BLOG

Stu: Why Does This Early Progressive President Get a Pass on Racism?

If Americans are supposed to be honest about racism in their history, why does Democratic President Franklin Delano Roosevelt get a pass?

Around the country, Confederate memorials and statues are being taken down, while the names of schools, roads and other public resources are being called into question if they’re named after a historical figure now seen as racist. Even in New York, which has very few reminders of the Confederacy, Gov. Andrew Cuomo has called for streets named after Confederate generals to be renamed.

On radio Friday, Stu and Pat talked about the debate over renaming everything as well as the progressive double standard on historical figures.

Stu pointed out that FDR is consistently included in lists of the top presidents in American history despite his failings, which included putting Americans in prison camps during World War II based on their race and waiting a long time to address the Nazi threat.

“It took him thousands of days to respond to Nazis,” he said. “It’s pretty well known that it took him a really long time to respond to Nazis.”

STU: Yeah. Daily Caller has the story about how James Stewart, then Duke of York, is the person that New York was named after. And he was a horrific slave trader. Transported between 90,000 and 100,000 African slaves to the American clones in the 1600s. Now, that's --

PAT: The name can't stand.

STU: So what should we rename it? Like New Fancy Town.

PAT: New Happy Land.

STU: Happyville might be a way to go.

PAT: Uh-huh.

STU: I don't know what we should name New York. But it certainly shouldn't be named that.

PAT: The Pit of Despair, you could call it that, pretty accurately.

STU: It is kind of in an armpit position there on the coast.

PAT: Uh-huh. Sort of.

STU: You could kind of go with that.

You could go down this -- and this is the point that I think the president was trying to make, as we mentioned earlier, it's an inaccurate point. This slippery slope thing is real in circumstances like this.

Because you can go back to history and find even the abolitionists of the 1700s were white supremacists by today's view.

You know, there's a lot of that that went on. Even a lot of them who were fighting for the abolition of slavery also were making arguments. Now, obviously they're not equal. But they should have some freedoms. That was kind of the moment of the day. You got to judge these things in historical context. But that was kind of what they were saying back then.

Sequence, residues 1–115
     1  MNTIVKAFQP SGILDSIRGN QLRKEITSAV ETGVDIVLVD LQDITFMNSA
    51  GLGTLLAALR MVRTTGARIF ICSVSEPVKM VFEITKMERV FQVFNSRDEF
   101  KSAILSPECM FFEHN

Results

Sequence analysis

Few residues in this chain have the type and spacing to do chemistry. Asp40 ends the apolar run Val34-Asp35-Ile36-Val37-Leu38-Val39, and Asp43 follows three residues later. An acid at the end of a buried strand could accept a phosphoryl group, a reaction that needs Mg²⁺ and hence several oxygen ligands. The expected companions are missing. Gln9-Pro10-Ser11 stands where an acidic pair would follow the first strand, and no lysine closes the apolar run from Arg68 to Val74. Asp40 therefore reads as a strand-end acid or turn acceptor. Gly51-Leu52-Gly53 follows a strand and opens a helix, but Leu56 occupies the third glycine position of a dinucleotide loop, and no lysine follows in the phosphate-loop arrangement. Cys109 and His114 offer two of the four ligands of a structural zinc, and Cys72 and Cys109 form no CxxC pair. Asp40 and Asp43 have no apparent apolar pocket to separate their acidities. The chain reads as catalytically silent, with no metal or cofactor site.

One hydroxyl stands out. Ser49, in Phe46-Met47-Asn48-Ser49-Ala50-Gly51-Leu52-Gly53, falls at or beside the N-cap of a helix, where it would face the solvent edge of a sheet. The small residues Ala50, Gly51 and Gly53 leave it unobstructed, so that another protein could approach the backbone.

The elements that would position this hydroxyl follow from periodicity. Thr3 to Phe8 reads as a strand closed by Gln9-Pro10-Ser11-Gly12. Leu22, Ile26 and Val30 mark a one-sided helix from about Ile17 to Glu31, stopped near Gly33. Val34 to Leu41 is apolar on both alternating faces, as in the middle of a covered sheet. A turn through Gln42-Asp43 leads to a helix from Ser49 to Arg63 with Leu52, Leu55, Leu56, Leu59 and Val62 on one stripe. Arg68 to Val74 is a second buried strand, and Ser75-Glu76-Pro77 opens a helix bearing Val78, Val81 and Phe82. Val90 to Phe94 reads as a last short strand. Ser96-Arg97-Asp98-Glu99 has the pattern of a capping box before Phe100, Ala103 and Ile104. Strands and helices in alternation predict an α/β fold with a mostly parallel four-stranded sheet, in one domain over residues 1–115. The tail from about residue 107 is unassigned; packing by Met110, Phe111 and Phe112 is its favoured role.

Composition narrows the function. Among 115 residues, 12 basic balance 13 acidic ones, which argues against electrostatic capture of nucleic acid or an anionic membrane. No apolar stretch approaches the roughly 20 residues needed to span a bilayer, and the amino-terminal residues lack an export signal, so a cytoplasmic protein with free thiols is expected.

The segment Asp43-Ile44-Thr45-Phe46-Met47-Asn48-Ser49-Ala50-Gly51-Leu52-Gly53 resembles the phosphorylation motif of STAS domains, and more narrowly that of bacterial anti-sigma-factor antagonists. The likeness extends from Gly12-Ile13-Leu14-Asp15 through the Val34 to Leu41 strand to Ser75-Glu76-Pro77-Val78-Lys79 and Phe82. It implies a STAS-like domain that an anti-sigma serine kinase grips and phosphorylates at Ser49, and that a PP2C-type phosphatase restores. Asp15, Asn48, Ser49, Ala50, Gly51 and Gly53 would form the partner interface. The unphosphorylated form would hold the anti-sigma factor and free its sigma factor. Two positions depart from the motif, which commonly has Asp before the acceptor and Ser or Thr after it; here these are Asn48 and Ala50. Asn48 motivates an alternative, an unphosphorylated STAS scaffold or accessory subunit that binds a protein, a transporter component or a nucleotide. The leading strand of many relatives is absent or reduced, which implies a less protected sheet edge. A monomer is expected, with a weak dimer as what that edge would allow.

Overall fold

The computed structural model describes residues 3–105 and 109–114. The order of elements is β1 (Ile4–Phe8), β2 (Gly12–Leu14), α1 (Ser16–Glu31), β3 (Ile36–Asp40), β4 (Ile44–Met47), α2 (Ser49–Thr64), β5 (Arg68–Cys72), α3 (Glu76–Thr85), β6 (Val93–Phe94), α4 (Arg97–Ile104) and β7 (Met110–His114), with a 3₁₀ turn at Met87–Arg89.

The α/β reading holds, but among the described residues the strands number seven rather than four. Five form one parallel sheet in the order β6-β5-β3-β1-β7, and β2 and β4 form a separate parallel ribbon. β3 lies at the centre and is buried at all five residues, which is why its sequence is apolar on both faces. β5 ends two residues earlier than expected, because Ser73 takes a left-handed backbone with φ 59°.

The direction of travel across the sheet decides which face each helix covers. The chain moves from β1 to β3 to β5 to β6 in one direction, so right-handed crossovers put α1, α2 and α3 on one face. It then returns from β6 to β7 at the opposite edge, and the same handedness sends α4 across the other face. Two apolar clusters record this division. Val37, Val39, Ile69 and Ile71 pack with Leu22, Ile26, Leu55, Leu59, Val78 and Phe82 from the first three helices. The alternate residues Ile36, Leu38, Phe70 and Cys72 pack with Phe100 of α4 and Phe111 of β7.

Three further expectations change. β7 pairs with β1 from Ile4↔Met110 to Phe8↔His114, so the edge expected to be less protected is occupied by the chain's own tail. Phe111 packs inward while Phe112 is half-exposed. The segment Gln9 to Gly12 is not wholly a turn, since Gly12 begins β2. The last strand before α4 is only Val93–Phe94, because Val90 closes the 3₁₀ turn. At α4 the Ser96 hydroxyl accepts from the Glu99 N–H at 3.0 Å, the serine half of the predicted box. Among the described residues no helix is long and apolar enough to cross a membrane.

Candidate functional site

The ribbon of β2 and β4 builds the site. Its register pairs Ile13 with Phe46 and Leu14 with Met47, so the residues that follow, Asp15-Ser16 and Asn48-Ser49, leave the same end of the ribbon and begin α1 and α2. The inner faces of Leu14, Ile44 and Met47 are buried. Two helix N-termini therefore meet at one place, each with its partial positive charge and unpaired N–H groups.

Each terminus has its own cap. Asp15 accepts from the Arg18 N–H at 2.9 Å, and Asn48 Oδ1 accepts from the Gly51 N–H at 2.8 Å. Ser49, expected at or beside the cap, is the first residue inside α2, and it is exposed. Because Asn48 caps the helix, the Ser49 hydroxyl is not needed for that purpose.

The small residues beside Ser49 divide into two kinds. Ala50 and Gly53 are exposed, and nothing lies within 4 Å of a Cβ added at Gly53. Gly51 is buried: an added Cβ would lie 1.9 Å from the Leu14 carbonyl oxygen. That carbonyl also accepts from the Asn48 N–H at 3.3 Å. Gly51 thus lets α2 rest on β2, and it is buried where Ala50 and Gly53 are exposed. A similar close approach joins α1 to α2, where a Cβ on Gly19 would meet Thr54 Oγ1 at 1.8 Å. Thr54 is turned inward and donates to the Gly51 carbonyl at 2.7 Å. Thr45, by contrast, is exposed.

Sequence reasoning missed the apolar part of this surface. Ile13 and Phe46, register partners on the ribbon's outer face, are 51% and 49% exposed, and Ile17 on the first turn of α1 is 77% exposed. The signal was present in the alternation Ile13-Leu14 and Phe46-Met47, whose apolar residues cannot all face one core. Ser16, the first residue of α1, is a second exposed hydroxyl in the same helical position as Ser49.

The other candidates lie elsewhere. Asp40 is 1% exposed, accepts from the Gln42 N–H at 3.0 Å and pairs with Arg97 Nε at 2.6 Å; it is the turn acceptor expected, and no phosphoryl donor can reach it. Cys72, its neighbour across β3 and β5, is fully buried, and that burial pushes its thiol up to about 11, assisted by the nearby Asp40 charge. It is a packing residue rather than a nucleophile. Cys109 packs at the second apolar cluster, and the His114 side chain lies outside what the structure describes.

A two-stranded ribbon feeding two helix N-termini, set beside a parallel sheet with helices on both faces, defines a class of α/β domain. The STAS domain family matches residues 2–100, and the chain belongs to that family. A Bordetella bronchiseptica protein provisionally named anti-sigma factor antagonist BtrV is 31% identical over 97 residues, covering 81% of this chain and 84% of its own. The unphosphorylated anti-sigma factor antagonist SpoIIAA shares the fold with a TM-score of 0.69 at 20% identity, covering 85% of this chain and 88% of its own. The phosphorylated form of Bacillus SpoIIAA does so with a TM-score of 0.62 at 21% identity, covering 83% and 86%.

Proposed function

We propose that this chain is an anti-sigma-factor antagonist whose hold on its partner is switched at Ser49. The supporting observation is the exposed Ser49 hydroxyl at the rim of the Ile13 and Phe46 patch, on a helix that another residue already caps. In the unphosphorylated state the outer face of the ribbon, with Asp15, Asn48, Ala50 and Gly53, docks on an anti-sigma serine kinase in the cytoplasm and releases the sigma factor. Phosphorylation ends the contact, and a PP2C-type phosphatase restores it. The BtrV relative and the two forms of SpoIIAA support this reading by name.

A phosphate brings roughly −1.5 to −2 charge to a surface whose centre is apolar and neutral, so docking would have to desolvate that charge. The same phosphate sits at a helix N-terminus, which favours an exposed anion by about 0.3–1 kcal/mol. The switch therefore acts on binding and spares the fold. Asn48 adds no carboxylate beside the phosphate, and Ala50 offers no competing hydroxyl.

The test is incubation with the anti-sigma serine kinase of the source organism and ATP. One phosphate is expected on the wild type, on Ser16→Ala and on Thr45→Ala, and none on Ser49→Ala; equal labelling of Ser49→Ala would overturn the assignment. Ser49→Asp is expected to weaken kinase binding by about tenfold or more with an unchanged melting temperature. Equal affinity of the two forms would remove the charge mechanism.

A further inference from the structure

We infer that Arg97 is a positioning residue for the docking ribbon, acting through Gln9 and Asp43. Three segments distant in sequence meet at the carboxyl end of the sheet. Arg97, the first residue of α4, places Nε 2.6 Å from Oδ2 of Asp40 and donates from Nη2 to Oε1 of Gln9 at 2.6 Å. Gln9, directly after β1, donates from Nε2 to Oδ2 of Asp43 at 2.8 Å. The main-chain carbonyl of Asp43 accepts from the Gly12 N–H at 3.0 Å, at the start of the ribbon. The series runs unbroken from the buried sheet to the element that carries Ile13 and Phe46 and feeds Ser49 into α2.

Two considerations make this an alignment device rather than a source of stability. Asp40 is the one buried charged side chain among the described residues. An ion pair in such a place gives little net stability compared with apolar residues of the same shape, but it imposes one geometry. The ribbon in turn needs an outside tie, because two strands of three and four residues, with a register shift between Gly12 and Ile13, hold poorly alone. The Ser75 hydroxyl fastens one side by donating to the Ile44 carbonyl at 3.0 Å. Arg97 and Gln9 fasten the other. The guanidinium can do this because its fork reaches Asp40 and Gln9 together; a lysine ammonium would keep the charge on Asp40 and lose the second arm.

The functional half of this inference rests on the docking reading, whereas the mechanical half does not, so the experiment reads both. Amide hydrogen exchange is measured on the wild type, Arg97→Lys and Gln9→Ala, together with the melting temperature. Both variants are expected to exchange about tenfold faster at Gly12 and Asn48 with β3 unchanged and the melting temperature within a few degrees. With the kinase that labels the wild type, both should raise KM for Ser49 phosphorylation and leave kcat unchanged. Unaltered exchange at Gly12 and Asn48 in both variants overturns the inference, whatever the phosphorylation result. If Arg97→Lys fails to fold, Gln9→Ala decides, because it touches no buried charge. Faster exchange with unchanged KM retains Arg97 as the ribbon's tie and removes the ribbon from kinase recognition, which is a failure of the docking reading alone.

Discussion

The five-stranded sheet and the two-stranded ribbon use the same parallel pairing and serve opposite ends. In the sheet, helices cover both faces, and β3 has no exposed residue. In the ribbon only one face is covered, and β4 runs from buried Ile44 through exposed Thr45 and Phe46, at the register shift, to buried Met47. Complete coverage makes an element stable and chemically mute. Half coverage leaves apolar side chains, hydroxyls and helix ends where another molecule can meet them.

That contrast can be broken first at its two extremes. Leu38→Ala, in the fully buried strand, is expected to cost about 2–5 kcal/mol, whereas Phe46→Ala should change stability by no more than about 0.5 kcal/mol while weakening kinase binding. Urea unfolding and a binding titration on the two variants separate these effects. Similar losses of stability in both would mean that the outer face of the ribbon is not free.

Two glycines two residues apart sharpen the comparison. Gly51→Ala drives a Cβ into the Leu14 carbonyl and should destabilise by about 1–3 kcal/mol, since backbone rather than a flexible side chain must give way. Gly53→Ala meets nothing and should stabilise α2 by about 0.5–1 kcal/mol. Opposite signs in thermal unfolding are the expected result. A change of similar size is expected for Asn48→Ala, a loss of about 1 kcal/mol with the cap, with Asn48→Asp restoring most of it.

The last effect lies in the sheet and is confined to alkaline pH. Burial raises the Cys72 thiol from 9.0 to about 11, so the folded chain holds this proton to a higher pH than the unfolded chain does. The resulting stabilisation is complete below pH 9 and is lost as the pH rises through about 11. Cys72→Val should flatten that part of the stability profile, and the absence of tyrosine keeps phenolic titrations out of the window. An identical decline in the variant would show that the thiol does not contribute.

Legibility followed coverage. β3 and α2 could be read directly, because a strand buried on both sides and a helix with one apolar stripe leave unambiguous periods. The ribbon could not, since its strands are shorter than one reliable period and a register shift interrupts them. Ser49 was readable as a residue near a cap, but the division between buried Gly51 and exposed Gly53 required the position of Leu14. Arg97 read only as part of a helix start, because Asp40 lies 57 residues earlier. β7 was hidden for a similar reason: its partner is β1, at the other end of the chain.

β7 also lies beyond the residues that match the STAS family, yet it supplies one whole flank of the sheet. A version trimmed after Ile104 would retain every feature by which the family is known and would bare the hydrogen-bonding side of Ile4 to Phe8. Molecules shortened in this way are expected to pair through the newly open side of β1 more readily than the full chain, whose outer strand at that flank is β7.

PAT: Yeah. Some people were. A lot of people who didn't know them. You know, they had limited involvement with them. They didn't understand. The slaves certainly weren't being educated. So they didn't know a lot about them.

STU: And, again, look at this in context. The -- the Founding Fathers took a world that was filled with slavery and racism. And continued it, some of them for some time.

But gave built-in structures that would eventually lead to its end. And there were great ablistings. Ben Franklin is one of my favorites. Who fought against it viscerally, against the entire grain of society. Woodrow Wilson did the exact opposite. We were going the correct direction in making people more equal. And he brought back the KKK. Out of the doldrums and brought them back to prominence in his presidency.

For that, he is awarded a top ten president of all time by the left and academia. And he has his name on every kid's school in the country. It seems like Woodrow Wilson elementary school is as popular or more popular than some of the greatest presidents of all time.

And he's awarded and admired -- some idiot leftist tweeted the other day, it didn't take FDR3 days to respond to Nazis. That's because he was a real president. It took him thousands of days to respond to Nazis.

PAT: Yes, he did.

STU: He didn't respond fast to Nazis at all. He's -- it's pretty well-known that he took a really long time to respond to Nazis.

PAT: Who tweeted that?

STU: Oh, some moron.

PAT: I mean, that is unbelievable.

STU: Yeah, I don't remember who it was. But some leftist.

PAT: That is unbelievable.

STU: But how -- what a horrible point. And they look at FDR, and FDR is consistently named number one, number two, number three greatest presidents of all time. His response to the Nazis in that war of that time was to imprison essentially and put in camps German Americans and Asian-Americans. Not even just Japanese-Americans. Asian-Americans generally. And this is a praised activity.

So the -- none of this makes sense. And we get to this point where we just fall into these arguments that feel good at the moment. You know what, I have no love for the confederacy. They were the enemies of this country. If you want to find a very strict definition of traitors, they left the country and got into a war with it. It was not about state's rights. It was about slavery, largely. They emblemed it into the Confederate constitution. And they required everyone in the -- everyone in the Confederacy and anyone who would ever come into the Confederacy, to make sure that slavery was institutionalized. There was no option for a state to say no, making the state's rights argument ridiculous.

PAT: In fact -- you know, I read this a couple of days ago. And I think the words inperpetuity HEP are in the Constitution. And as it applies to slavery, they wanted it to continue forever.

STU: Forever.

PAT: Had it been up to the South, to the Confederacy, it would have continued forever.